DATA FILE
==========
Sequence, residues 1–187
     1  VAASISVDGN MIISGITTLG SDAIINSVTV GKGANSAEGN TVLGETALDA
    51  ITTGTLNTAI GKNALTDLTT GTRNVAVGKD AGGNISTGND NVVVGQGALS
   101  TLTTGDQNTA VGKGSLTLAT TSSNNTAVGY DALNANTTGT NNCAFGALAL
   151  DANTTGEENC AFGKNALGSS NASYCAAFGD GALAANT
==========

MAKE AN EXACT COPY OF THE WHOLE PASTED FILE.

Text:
Sequence, residues 1–187
     1  VAASISVDGN MIISGITTLG SDAIINSVTV GKGANSAEGN TVLGETALDA
    51  ITTGTLNTAI GKNALTDLTT GTRNVAVGKD AGGNISTGND NVVVGQGALS
   101  TLTTGDQNTA VGKGSLTLAT TSSNNTAVGY DALNANTTGT NNCAFGALAL
   151  DANTTGEENC AFGKNALGSS NASYCAAFGD GALAANT